Frankly Speaking: Troubling transactions

This article first appeared in The Edge Malaysia Weekly, on November 30, 2020 - December 06, 2020.
Frankly Speaking: Troubling transactions
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Several individuals acting in concert have been linked to a number of penny stocks whose share prices have surged recently.

Latest on the list is Advance Information Marketing Bhd (AIM), a business process outsourcing solutions provider that posted a profit in only two of its last 15 quarters. Over the past 10 financial years, AIM’s highest net profit was in FY2015, when it made RM677,000 from RM21.06 million in revenue.

As at end-September, the company had net cash of slightly over RM3 million and accumulated losses of RM6.79 million. Its net assets per share were a mere 7.51 sen.

In terms of assets, it has an office in Jalan Balam in Kuala Lumpur valued at RM3.39 million, and an office in Jakarta valued at RM1.59 million.

What is it about the company that prompted Datuk Eddie Chai Woon Chet to make a mandatory general offer at 13 sen a share, or RM31.45 million, on Oct 14? This led to AIM’s shares rising from 13 sen on Sept 30 to an intra-day high of 38 sen on Oct 15.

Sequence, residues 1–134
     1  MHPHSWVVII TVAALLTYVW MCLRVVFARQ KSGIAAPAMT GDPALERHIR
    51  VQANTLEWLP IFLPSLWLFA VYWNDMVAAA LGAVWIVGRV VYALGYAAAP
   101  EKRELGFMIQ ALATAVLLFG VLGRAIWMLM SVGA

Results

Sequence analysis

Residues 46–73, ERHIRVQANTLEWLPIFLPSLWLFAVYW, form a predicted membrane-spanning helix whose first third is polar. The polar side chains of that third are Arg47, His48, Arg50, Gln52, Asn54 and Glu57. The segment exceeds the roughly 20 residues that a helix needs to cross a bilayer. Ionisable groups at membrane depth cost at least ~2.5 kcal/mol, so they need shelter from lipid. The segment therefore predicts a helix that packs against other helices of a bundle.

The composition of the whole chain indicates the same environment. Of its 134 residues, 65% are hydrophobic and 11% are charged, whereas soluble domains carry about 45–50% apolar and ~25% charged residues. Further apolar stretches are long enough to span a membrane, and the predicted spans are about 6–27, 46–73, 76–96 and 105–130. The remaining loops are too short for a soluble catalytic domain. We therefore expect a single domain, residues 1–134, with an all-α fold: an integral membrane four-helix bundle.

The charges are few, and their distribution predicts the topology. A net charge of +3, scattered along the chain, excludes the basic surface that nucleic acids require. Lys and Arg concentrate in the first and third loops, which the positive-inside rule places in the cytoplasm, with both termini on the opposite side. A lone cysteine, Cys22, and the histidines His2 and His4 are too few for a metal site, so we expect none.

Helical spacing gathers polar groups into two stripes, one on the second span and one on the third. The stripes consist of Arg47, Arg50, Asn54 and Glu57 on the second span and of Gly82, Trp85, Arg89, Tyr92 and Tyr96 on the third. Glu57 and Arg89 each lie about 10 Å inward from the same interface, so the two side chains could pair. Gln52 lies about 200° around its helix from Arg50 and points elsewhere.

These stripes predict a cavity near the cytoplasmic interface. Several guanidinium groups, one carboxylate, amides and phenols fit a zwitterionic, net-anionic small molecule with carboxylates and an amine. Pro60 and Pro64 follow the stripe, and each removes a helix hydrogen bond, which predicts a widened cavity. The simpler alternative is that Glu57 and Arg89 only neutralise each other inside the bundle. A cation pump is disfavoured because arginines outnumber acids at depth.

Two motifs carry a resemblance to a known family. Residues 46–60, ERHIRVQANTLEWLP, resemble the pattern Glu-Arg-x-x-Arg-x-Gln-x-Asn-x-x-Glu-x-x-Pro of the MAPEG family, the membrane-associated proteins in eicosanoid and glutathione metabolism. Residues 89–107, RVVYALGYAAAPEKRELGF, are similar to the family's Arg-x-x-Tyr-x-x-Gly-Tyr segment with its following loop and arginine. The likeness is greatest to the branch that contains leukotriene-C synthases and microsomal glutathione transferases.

Ordinarily, acquisitions such as this would not raise any eyebrows as businessmen have a whole host of reasons to buy a listed company. However, as Chai and individuals linked to him have done the same thing with several companies, and these companies have often made bullish statements that led to a rise in their stock prices, questions have to be asked.

Are the regulators looking into these transactions?

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